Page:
Land art

From Academic Kids

Land art or earth art is a form of art which came to prominence in the late 1960s and 1970s primarily concerned with the natural environment. Materials such as rocks, sticks, soil, plants and so on are often used, and the works frequently exist in the open and are left to change and erode under natural conditions. Particularly large works are sometimes known as earthworks. Many of the works were ephemeral in nature and now only exist as photographic documents.

The movement was inspired mostly by modern and minimal movements such as De Stijl, Cubism, Minimalism and the work of Constantin Brancusi and Joseph Beuys. Many of the artist associated with 'Land art' had been involved with Minimalism and Conceptual Art but according to the critic Barbara Rose writing in 'Artforum' in 1969 had become disillusioned with the commodification and insularity of gallery bound art. The sudden appearance of Land Art in 1968 can be located as a response by a generation of artists mostly in their late twenties to the heightened political activism of the year and the emerging environmental and womens liberation movements.

The movement was 'launched' in October 1968 by the group exhibition 'Earthworks' at the Dwan Gallery in New York. Perhaps the best known artist who worked in this genre was the American Robert Smithson whose 1968 essay "The Sedimentation of the Mind: Earth Projects" provided a critical framework for the movement as a reaction to the disengagement of Modernism from social issues as represented by the critic Clement Greenberg. His best known piece, and probably the most famous piece of all land art, is Spiral Jetty (1970), for which Smithson arranged rock, earth and algae so as to form a long (1500 feet) spiral-shape jetty protruding into Great Salt Lake in Utah. How much of the work, if any, is visible is dependent on the fluctuating water levels. Since its creation, the work has been completely covered, and then uncovered again, by water.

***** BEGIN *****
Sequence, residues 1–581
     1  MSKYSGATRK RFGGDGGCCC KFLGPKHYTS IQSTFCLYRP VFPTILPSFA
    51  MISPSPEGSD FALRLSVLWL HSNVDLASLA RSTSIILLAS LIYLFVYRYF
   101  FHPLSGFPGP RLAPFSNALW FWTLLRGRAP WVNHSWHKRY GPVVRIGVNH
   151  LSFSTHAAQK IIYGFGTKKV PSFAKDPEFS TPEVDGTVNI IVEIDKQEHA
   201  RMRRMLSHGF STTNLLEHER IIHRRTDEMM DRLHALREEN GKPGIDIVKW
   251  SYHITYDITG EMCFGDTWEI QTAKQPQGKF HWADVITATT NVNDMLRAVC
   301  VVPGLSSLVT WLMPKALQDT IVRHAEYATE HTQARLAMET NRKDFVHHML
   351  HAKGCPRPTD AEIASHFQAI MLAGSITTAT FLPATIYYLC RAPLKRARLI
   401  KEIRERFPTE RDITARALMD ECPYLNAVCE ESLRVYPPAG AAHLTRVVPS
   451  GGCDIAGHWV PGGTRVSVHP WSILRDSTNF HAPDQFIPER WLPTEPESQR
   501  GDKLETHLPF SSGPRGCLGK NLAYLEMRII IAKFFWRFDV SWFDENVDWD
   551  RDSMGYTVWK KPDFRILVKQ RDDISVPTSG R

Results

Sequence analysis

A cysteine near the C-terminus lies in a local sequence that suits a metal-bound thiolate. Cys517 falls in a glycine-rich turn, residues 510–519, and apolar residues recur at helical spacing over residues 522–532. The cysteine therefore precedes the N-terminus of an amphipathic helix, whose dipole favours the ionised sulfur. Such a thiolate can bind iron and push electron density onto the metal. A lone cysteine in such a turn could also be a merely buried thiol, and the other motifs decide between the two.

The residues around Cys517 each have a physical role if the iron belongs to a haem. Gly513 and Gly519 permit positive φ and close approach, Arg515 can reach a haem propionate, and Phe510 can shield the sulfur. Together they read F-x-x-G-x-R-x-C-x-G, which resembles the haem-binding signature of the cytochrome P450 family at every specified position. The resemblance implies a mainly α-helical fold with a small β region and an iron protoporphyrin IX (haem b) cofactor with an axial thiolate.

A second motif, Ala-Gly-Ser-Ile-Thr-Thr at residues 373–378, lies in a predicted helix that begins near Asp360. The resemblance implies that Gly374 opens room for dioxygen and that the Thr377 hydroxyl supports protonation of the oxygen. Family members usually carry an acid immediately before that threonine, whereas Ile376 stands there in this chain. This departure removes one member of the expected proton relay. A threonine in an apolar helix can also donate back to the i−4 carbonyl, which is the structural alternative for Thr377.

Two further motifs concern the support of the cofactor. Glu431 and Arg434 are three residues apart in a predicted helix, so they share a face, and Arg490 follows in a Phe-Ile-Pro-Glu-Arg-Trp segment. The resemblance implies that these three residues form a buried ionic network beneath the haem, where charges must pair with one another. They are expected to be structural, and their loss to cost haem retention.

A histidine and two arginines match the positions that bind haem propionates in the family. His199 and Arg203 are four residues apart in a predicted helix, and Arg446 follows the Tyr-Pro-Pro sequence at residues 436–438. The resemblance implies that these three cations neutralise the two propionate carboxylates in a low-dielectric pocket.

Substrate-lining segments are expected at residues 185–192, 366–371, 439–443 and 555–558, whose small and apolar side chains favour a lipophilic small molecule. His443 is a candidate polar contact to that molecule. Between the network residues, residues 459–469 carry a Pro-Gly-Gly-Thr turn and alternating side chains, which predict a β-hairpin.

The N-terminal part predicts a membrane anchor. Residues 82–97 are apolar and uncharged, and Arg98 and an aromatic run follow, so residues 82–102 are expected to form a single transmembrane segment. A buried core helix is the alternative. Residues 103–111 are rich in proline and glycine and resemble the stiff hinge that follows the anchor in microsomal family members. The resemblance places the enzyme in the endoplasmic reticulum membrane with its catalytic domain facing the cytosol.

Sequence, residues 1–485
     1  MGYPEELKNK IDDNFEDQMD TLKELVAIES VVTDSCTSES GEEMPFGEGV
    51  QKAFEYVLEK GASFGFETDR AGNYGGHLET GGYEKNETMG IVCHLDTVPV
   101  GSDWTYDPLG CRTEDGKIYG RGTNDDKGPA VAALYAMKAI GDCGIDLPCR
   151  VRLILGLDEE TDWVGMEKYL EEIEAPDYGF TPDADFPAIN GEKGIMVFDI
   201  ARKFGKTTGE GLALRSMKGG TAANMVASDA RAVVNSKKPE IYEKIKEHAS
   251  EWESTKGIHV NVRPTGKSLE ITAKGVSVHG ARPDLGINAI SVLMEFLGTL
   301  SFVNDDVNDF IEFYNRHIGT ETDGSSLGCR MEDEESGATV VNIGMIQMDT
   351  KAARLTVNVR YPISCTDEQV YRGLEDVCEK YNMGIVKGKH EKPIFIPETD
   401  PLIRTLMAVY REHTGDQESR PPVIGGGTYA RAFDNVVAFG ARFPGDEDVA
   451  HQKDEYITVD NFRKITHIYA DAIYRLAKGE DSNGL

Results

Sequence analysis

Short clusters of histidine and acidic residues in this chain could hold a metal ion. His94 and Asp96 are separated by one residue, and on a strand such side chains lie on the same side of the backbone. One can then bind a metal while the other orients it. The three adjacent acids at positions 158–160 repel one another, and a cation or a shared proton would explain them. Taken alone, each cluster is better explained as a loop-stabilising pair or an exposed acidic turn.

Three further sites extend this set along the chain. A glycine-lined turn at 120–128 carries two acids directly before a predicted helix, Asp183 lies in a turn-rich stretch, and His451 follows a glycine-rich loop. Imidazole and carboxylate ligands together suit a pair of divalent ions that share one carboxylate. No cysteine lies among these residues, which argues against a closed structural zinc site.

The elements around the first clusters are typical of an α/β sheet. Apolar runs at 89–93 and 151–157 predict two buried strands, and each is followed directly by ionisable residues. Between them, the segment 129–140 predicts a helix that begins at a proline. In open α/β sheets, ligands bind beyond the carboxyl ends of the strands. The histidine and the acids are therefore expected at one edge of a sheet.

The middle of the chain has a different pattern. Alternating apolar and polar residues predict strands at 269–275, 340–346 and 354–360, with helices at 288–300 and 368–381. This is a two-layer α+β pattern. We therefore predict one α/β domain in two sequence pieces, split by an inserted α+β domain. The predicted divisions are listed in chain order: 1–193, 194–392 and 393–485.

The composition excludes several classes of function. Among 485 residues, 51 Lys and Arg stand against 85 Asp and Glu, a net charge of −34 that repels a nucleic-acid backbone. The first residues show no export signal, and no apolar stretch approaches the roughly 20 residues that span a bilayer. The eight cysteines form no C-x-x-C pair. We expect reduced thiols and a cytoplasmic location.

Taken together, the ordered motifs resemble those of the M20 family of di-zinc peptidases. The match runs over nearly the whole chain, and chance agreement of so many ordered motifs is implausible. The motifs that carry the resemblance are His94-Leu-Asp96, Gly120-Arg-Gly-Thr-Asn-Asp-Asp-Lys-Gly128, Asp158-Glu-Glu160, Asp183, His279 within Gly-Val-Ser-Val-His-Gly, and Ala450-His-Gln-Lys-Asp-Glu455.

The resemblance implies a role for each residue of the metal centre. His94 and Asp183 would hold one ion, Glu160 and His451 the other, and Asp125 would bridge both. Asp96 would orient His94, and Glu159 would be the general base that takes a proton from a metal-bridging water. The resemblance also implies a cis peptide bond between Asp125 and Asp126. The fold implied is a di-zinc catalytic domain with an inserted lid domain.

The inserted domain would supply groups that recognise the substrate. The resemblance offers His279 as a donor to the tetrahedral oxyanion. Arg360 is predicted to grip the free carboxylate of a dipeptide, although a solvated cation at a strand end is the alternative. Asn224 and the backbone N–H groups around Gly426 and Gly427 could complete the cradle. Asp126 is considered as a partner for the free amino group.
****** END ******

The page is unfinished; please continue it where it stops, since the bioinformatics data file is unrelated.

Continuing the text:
Smithson's Gravel Mirror with Cracks and Dust (1968) is an example of land art existing in a gallery space rather than in the natural environment. It consists of a pile of gravel by the side of a partially mirrored gallery wall. In its simplicity of form and concentration on the materials themselves, this and other pieces of land art have an affinity with minimalism. There is also a relationship to Arte Povera in the use of materials traditionally considered "unartistic" or "worthless".

Land artists have tended to be American, with other prominent artists in this field including Nancy Holt, Walter De Maria, Hans Haake, Alice Aycock, Dennis Oppenheim, Michael Heizer, Alan Sonfist, and James Turrell. Turrell began work in 1972 on possibly the largest piece of land art thus far, reshaping the earth surrounding the extinct Roden Creater volcano in Arizona. Perhaps the most prominent non-American land artists are the British Richard Long and Andy Goldsworthy. Some projects by the artist Christo (who is famous for wrapping monuments, buildings and landscapes in fabric) have also been considered land art by some, though the artist himself considers this incorrect, as explained on his web page (http://christojeanneclaude.net/errors.html). Joseph Beuys' concept of 'social sculpture' influenced 'Land art' and his 'Eichen' project of 1972 to plant 1000 Oak trees has many similarities to 'Land art' processes.

Land artists in America relied mostly on wealthy patrons and private foundations to fund their often costly projects. With the sudden economic down turn of the mid 1970s funds from these sources largely dried up. With the death of Smithson in a plane crash in 1973 the movement lost its figurehead and petered out. Turrell continues to work on the Roden Crater project. In most respects 'Land art' has become part of mainstream Public Art.

In 1998 a group of artists started in Amsterdam (The Netherlands) a project called Indoor Land Art Programme - ILAP, and had shows all over Europe.de:Land Art es:Land Art fr:Land Art nl:Land Art tr:Arazi sanatı

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